LAKE LACD62 1996 15 tracks 53m

The Charleston; The Black Bottom; Lonesome and Sorry; Please Don't Talk About Me When I'm Gone; Shimme Sha Wabble; Don't Leave Me Daddy; Nobody's Sweetheart; The Needle; Tell 'Em 'Bout Me; I Cried For You; Mammy O' Mine; Down Among The Sheltering Palms; I Cover The Waterfront; Bye Bye Blues; Sleepy Time Gal.

Alex Welsh and his Dixieland Jazz Band kick this CD in with an almost Dutch Swing College sound and continue in this strain for the next track. Originally playing in the broad Dixieland idiom, the band moved on to be a mainstream outfit. This 1959 recording is from the transition period, and this become apparent in track number three where they get very orchestrated and then perform a series of insipid solos. The fact that it was a transition stage is very apparent by the continued return to either 'Dixie' or 'Chicago' style jazz. This is a pleasant, smoothly performed CD by competent musicians, though I get the suspicion that often they are reading the music rather than living it. In addition to the original tracks, there are three by the Archie Semple Quartet. Archie is a good clarinetist, but not in the league of Acker Bilk, Monty Sunshine, or Ian Wheeler, the three who dominated this period of jazz history. As I said, a pleasant album, but never inspiring. Now if you want to hear Alex Welsh and his band at their best, get the 'Live at the Royal Festival Hall 1954/55' cassette (LA5008/C) put out by Lake a few years back.



LAKE LACD 107 1998, 14 tracks 55 minutes

Louisiana, I Wish On The Moon, Open Country, Davenport Blues, I Got Rhythm, Between The Devil And The Deep Blue Sea, Bluesology, Oh Baby, That Old Feeling, Strike One, My Blushing Rosie, When Midnight Choo Choo Leaves For Alabam, Sunday, Broken Doll.

I was sitting listening to this CD of 1966 recordings for the first time, thinking to myself: "Very pleasant but rather mainstream", when my wife called out on the kitchen, "Hey, come on, turn that up, it is good jazz!" A wise man learns very quickly in life to never argue with his wife, so I have to say of this album: "it is good jazz".

I have always had an admiration Alex Welsh, despite his and my taste in jazz styles not always coinciding. There is something about his wonderful trumpet style, and the absolute professionalism of his bands, which has meant I have always had some of his material in collection. The CD is a welcome addition.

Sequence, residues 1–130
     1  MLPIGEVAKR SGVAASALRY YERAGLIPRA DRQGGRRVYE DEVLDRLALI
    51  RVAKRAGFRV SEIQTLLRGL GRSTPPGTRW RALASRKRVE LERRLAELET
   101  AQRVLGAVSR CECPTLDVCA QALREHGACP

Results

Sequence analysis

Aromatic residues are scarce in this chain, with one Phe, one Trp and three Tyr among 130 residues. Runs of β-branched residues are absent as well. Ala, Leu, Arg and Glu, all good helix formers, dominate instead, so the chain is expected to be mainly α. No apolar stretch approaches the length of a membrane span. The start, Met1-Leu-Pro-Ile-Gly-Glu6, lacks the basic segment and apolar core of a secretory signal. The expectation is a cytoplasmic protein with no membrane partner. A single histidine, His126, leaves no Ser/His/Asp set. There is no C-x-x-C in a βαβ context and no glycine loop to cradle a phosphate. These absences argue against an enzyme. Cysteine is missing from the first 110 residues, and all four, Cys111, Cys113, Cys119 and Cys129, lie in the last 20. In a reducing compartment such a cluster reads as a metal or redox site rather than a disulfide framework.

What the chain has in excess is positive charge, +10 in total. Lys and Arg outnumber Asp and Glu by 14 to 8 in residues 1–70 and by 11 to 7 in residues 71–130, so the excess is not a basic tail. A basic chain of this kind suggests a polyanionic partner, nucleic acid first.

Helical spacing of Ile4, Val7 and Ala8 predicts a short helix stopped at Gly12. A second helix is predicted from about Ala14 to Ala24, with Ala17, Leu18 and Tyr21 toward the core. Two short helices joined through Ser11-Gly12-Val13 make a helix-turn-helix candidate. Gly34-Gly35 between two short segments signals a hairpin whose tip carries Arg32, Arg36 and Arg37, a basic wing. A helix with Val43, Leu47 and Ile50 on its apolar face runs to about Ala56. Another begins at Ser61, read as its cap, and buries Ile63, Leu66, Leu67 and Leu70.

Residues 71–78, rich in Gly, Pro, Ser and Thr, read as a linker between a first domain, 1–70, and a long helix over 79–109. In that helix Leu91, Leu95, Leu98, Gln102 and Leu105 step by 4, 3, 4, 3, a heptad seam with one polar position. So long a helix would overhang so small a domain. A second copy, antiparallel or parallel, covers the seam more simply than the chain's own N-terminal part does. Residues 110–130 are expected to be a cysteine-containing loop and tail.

At times the band gets rather "Ted Heathish", especially on to the tracks "I Got Rhythm", and "Between the Devil and the Deep Blue Sea". However, on the last four tracks the band seems to relax and loosen up. Maybe during a break in the recording sessions they had a chance to sup an ale or two. Whatever the reason, they certainly seem to be enjoying themselves a lot more towards the end. I especially like the track, "When the Midnight Choo Choo Leaves For Alabam". It reminded me of a balmy summer's night in Battersea Park listening to Alex and his boys perform. It even has the traditional cry from legendary drummer, Herr Lenny Hastings, of "A Hulu, A Hulu"!



LAKE LACD8 2000 12 tracks 65m

Panama Rag, Memphis Blues, Clarinet Marmalade, Clark & Randolph Blues, New Orleans Function, Maryland My Maryland, Wild Man Blues, New Orleans Stomp, Maple Leaf Rag, Black Mountain Blues, Mississippi Mud, Mama Don't Allow/When The Saints.

It was 1954 and a new boy was in town - Alex Welsh had left his native Edinburgh for smoky old London. It was good timing as the break up of the Mick Mulligan and Christie brother's bands had meant that there was a pool of talented jazzmen looking for new berths. In addition to picking up quality jazzmen sympathetic to the style of jazz he wanted to play, Alex managed to get the occasional services of the exuberant vocalist, George Melly.

This CD is a re-issue of Lake's 1988 album of the same name but with an additional track. The fact that I have put my hand in my pocket to acquire what I already had must indicate to you the value I put on just that one extra track (burning tape to CD is NOT beyond my current capabilities!). The sleeve notes say that it is Dixieland, though the use of the guitar rather than the banjo would perhaps make it more Chicago jazz, but this is not over orchestrated as some Chicago jazz is and certainly not as castrated as mainstream jazz. Whilst later in his career Alex became smoother, he also to my ear lost some of the all consuming enthusiasm that is so apparent in theses recordings.

Whilst all the tracks are memorable, I find some tracks even more enjoyable than others. I am especially enamoured of the down tempo ' Clark & Randolph Blues' and ' Wild Man Blues' which allow the band to shew their skill in both ensemble playing and solo breaks. George Melly? Well George is just George - the best!